No visit to Japan is complete without a visit to the beautiful Kyoto. As we explored and ate our way through Kyoto, I was delighted to see some many landmarks in real life. Kyoto is a Japanese dream filled with the temples and shrines we are accustomed to seeing on films and in magazines. As we took in the sights, I was also very aware of how peaceful and relaxing Kyoto was in comparison to other stops on our Asian adventure.
Where We Went and What We Saw
To help you plan your trip to Kyoto, I am sharing about all the amazing places we visited that should make everyone’s must-see list.
Kinkaku-Ji – Also known as The Golden Pavilion, this temple is quite possibly the most widely recognized image of Kyoto. The golden temple sits on a pond that reflects its image. This temple is also unique because it was rebuilt in 1955 after it was burned a few years earlier.
Arashiyama Bamboo Grove – Located about 30 minutes from Kyoto is Arashiyama, which is home to the most amazing bamboo forest in the world. Visitors can walk the path through the bamboo forest where the bamboo stalks soar high up into the sky. It is beautiful and awe-inspiring.
Kiyomizu-dera – One of the most tranquil spots in Kyoto has been around for over 1200 years and also offers the most amazing view. The Kiyomizu-dera Temple, which is a temple to Kannon (a deity of mercy and compassion), sits halfway up Mt. Otowa allowing guests the opportunity to pay their respects and see the stunning view.
Maruyama Park – This park in Kyoto is a prime spot for cherry blossom viewing and sits next to the Yasaka Shrine. Not only does the park offer pretty views, but there are also restaurants nearby.
Nara Park – One of the most unforgettable parts of our visit to Kyoto was visiting Japan’s popular deer park that has been around since 1880. At this park, the deer come right up to you and eat out of your hand! It was incredible.
Fushimi Inari Taisha – A visit to this 1300-year-old head shrine is one I will never forget. It sits at the base of a mountain, and you can walk the trails to visit the smaller shrines.
What We Ate
The only thing that could make our peaceful and tranquil visit to Kyoto better was delicious food. And Kyoto did not let us down! We ate so well. We were relaxed mentally, and our bellies were full – a perfect combination.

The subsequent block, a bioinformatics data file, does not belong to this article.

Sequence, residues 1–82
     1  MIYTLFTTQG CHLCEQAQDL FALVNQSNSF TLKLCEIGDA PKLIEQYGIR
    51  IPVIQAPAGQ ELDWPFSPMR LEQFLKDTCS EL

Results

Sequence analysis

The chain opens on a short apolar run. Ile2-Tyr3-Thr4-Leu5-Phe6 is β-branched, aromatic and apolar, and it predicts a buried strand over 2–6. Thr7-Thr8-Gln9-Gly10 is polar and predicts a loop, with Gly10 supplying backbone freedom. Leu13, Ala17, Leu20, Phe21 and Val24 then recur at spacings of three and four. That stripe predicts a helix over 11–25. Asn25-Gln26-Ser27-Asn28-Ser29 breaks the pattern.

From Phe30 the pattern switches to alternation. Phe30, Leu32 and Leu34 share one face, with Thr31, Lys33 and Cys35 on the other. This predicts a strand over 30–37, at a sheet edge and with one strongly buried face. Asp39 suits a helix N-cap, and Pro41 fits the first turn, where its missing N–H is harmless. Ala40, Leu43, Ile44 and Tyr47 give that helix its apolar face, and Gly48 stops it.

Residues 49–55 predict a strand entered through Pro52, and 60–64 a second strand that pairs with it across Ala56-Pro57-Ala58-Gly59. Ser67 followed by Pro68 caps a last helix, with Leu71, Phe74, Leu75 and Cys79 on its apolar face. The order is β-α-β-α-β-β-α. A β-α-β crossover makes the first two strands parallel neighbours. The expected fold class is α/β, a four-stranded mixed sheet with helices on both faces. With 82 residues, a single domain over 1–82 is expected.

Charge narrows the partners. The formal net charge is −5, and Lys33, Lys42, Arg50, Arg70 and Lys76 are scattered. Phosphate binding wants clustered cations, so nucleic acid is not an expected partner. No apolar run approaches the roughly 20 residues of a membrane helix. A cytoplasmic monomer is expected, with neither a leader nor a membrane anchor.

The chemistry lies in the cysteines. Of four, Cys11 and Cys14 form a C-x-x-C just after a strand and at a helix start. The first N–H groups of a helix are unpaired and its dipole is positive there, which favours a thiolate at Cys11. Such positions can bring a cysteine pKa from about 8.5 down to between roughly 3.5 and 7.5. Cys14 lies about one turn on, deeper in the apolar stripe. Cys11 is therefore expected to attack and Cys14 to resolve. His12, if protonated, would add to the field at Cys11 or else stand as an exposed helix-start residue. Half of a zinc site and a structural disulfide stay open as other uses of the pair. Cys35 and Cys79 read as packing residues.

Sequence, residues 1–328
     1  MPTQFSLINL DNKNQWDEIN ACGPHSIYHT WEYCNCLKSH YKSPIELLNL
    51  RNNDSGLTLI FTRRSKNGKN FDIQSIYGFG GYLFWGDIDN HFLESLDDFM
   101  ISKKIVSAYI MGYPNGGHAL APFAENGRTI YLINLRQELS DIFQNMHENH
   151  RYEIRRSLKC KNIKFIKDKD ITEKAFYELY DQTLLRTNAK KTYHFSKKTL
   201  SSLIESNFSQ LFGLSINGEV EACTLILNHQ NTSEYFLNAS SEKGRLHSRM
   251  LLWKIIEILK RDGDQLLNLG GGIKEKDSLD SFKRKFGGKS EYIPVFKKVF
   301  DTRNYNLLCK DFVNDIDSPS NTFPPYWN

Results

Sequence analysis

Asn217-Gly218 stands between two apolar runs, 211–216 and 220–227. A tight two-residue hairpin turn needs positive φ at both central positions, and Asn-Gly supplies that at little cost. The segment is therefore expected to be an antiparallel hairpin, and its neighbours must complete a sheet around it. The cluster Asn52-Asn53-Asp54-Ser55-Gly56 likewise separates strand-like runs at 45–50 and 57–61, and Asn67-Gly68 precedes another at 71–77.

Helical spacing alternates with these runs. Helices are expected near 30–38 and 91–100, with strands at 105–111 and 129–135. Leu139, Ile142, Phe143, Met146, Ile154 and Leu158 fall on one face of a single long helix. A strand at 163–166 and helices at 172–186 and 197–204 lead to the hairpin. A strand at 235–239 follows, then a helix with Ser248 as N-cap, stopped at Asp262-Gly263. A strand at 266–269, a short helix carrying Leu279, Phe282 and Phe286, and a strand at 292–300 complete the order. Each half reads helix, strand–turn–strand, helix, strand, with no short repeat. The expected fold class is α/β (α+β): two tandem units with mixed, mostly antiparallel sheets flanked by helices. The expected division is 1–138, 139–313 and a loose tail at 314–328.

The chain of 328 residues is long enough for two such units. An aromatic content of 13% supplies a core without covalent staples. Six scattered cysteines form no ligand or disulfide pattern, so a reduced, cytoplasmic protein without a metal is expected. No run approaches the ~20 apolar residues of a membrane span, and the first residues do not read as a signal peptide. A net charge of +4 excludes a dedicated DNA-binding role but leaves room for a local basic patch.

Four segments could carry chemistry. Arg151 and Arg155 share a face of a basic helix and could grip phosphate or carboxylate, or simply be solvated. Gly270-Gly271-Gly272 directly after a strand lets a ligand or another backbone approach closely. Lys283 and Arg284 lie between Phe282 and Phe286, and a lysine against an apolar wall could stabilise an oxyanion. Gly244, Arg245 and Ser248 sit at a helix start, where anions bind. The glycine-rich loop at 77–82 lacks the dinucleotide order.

Nikunotakumi Miyoshi – This restaurant offers traditional Japanese meat dishes, such as Shabu-Shabu and steak. Known for offering only the best (such as Kobe beef, Omi beef, and the rare Matsuzaka beef), our meal was delicious and worth every penny.
Sushi Matsumoto – One of the premiere sushi spots in Kyoto, this 1 star Michelin restaurant uses the freshest seafood from local fish markets.
Omen Kodai-Ji Branch – As the restaurant name suggests, this restaurant serves hearty bowls of omen (udon) noodles. The popularity of this Japanese noodle dish often means waiting in lines to get a seat.
Gion Nishikawa – Serving only the freshest and best fish and vegetables, it was easy to see why this restaurant holds 2 Michelin star rating. Their food is even designed with ingredients to make guests feel relaxed!
Gion Uokeya U – This restaurant is known for their dish called Uoke, unagi eel rice bowl that is served in a wooden bucket. We are glad we made it a point to try this unique dish while in Gion.
Japanese Matcha Desserts – Of course, we had our share of matcha desserts while we were there. Matcha desserts are made from green tea, so they are easy to find all around Japan. For example, we visited Saryo Suisen to try one of their famous green tea sweets.